Tony Blackburn. He also owned a Birmingham station Buzz-FM for a time. Chris got into troule with the law over the selling of decoder cards for satellite television stations and spent some time in prison.
In 2002 Chris put in a bid to take over the long wave transmitter in the Republic of Ireland previously used by Atlantic 252. Unfortunately RTE, the Irish state broadcaster which owned it, turned him down. Chris continued to run a
computer business and re-launched Radio Nova on the internet. He was about to start a version of the station in Tenerife but, while visiting the island in January 2008, he suffered a stroke. He died on 29th February.
The Pirate Radio Hall of Fame tribute is here. (* We previously stated that Spangles left Caroline South in March 1968 but correspondent Ian Biggar has provided a recording
(see below) of him saying his goodbyes on a show dated 24th January so we have amended the above accordingly.) Many thanks to George Morris for providing this photo. There are later ones, taken at Caroline's 40th birthday party,
here and, at the Radio Academy's Celebration of Offshore Radio, here. Some of the theme tune information courtesy of Kees Brinkerink, Frank van Heerde and Alan Field.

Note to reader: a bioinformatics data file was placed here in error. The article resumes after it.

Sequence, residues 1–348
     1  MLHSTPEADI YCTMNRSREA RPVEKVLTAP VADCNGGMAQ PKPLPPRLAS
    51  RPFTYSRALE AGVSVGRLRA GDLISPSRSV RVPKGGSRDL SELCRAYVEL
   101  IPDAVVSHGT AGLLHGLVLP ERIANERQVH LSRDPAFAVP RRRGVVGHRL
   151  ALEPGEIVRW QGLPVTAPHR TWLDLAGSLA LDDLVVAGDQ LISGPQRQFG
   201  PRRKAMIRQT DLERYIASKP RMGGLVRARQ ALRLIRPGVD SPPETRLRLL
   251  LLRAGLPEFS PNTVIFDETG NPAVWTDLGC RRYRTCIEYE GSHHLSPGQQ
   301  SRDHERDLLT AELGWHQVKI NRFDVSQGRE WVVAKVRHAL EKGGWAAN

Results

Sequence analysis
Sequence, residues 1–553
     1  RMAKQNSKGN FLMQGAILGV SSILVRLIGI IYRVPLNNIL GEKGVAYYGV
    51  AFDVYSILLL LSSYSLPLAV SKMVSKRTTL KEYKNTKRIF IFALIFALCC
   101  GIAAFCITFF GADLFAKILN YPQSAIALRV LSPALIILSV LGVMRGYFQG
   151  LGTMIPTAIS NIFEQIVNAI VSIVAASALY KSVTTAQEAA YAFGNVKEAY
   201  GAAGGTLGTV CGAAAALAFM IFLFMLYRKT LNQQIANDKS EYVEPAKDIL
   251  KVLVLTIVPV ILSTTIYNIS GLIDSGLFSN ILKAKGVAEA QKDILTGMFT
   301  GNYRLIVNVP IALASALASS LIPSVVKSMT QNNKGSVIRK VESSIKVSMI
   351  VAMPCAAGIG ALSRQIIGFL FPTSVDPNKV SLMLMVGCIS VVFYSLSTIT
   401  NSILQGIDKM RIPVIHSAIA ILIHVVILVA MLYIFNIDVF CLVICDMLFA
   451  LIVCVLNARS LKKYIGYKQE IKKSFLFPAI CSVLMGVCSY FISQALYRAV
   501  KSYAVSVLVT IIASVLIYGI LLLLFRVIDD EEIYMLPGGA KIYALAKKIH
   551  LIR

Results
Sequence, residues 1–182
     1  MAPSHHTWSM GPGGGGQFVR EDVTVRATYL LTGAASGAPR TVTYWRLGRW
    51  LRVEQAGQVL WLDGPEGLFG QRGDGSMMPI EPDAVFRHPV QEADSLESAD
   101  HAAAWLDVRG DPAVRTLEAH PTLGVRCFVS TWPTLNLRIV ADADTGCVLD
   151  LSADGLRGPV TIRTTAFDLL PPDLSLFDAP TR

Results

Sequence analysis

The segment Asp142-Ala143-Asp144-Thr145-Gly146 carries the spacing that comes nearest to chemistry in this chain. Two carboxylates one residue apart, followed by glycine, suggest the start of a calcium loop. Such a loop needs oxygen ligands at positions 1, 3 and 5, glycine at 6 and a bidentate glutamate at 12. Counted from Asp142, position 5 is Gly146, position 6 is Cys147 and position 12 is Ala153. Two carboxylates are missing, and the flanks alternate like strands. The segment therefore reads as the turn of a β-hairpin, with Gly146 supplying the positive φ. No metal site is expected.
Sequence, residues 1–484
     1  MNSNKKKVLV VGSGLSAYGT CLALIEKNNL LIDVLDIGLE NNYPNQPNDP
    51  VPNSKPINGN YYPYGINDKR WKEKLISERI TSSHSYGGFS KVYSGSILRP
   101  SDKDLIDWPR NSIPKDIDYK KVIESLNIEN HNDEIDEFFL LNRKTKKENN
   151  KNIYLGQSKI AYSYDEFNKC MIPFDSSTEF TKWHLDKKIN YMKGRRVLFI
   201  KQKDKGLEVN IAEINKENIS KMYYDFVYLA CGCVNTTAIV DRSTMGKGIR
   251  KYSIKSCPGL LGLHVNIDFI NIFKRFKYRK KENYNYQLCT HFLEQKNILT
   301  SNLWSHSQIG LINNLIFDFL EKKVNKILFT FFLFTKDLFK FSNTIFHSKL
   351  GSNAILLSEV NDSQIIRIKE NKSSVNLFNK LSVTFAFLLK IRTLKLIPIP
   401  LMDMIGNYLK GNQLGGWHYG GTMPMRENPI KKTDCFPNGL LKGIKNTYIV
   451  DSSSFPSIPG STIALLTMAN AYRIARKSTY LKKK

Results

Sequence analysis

In November 2009 The Pirate Radio Hall of Fame heard from the original Herb Oscar Anderson, the American DJ whose name and jingle Spangles had used in 1968: “I did the morning
show on WABC and used to mention I was on the air in New York and England at the same time! I think I was using my HOA jingle with a English accent.... I performed last year for Fred Olsens' Balmoral on its American inaugural
cruise. Oh I almost forgot George Martin wrote a song for me to sing in my album, ‘What Would I Be’. I think they now call him Sir George.... I'm 81 and still growing strong.... They were fun times for us all and we
both had the largest listenership ever.” Sadly Herb has since died. He passed away in January 2017, aged 88.
Spangles Muldoon on Radio Caroline South International from 23rd December 1967. Recording courtesy of the Offshore Radio Archive (duration 4 minutes 38 seconds)